Wednesday, 8 August 2012

Former Greek ATEbank Head Spirited $10 Million to London

ATHENS – The admission by a former chief executive of the former state-run ATEbank that he transferred nearly $10 million of his personal savings to London has set off a political firestorm in Greece after the bank’s assets were given to the privately-run Bank of Piraeus to prevent the Greek bank from collapsing.
Theodoros Pantalakis, former chief executive of Greece’s ATE Bank strongly denied any wrongdoing, claiming that he had declared the transaction to authorities in 2011 and had paid tax on the amount transferred, the Financial Times and other media reported.
“I’m on holiday and I don’t plan to say anything more until I come back to Athens,” Pantalakis told the newspaper from his villa on the Aegean island of Paros. He is expected to testify on his three years at the helm of ATEbank before a Parliamentary committee at the end of August, a source familiar with the problem told the newspaper.

The transfer came at a time when Greek political leaders were imploring Greeks to keep their money in the country during an economic crisis. It is believed that many politicians and business executives, however, have accounts – secret or otherwise – in Switzlerland and other countries to avoid paying taxes. Tax cheats owe Greece some $70 billion.
A government official said Greece came under pressure from the European Commission and European Central Bank to split ATEbank into a “good” and a “bad” bank and sell its healthy assets. “The alternative they gave us was to shut it down with the loss of 5,500 jobs,” the official said. The decision was criticized by the main opposition party leftish SYRIZA as a “great robbery.” The Leftist party leader Alexis Tsipras said he would reverse the privatization if he came to power, adding it had only benefited “bankrupt private bankers”.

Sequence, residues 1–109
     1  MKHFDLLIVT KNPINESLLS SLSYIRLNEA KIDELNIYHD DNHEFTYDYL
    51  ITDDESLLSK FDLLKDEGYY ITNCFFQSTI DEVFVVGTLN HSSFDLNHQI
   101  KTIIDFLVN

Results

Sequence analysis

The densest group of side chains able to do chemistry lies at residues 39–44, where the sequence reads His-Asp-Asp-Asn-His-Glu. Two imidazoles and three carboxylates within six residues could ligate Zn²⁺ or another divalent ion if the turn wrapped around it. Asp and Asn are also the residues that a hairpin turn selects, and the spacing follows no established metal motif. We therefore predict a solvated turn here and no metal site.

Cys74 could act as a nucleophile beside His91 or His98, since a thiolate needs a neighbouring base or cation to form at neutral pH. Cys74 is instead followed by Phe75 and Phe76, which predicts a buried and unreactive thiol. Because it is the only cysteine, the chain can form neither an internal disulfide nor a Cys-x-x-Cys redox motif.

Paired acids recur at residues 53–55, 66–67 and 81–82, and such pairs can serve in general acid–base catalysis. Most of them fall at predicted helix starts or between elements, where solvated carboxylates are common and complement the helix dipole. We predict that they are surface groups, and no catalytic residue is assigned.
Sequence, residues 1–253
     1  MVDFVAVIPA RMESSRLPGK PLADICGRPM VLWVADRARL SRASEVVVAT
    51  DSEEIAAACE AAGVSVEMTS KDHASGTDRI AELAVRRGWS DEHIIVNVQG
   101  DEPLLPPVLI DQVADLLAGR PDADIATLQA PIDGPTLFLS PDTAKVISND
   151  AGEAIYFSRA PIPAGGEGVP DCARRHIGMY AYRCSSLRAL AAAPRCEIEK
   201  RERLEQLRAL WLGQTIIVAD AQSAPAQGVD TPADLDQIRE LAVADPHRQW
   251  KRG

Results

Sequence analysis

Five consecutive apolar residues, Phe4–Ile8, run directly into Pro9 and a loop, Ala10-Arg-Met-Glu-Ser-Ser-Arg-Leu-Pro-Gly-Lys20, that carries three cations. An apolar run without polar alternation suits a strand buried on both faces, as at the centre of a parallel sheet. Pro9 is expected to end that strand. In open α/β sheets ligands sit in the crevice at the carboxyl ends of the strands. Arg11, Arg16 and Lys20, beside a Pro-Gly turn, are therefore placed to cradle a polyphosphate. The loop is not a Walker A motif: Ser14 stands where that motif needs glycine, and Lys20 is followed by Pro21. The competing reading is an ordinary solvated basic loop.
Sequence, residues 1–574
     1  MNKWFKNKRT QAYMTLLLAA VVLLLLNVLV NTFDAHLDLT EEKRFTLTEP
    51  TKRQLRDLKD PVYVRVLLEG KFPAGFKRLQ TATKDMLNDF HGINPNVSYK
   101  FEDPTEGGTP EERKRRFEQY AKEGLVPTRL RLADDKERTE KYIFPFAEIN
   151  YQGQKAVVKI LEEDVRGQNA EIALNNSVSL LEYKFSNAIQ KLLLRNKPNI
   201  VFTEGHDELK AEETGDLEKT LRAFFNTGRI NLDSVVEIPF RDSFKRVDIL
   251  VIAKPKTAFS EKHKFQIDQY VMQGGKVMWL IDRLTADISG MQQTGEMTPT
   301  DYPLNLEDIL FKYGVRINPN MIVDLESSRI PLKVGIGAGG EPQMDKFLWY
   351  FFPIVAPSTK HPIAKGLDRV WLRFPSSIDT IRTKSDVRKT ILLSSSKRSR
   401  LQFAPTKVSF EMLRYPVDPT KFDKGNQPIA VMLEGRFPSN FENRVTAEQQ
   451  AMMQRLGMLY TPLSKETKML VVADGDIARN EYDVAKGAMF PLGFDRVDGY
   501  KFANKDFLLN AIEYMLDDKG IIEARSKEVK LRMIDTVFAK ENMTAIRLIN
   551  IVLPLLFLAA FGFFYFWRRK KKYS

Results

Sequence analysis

Pantalakis will also face questions from opposition lawmakers over 150 million euros ($186 million) in loans made by ATEbank to New Democracy and the PanHellenic Socialist Movement (PASOK,) Greece’s two former biggest mainstream parties. These loans were insufficiently collateralized and remained unserviced while he ran the bank, analysts noted and were not paid back, although Greek banks have been pressing customers whose pay has been cut and taxes raised to pay back 100 percent of what they owe or face legal action. New Democracy and PASOK, sharing power with the Democratic Left in a shaky coalition, have ruled Greece for nearly 40 years and owe banks $310 million they haven’t repaid, even though they receive hundreds of millions of dollars in taxpayer funding.
Source: Financial Times

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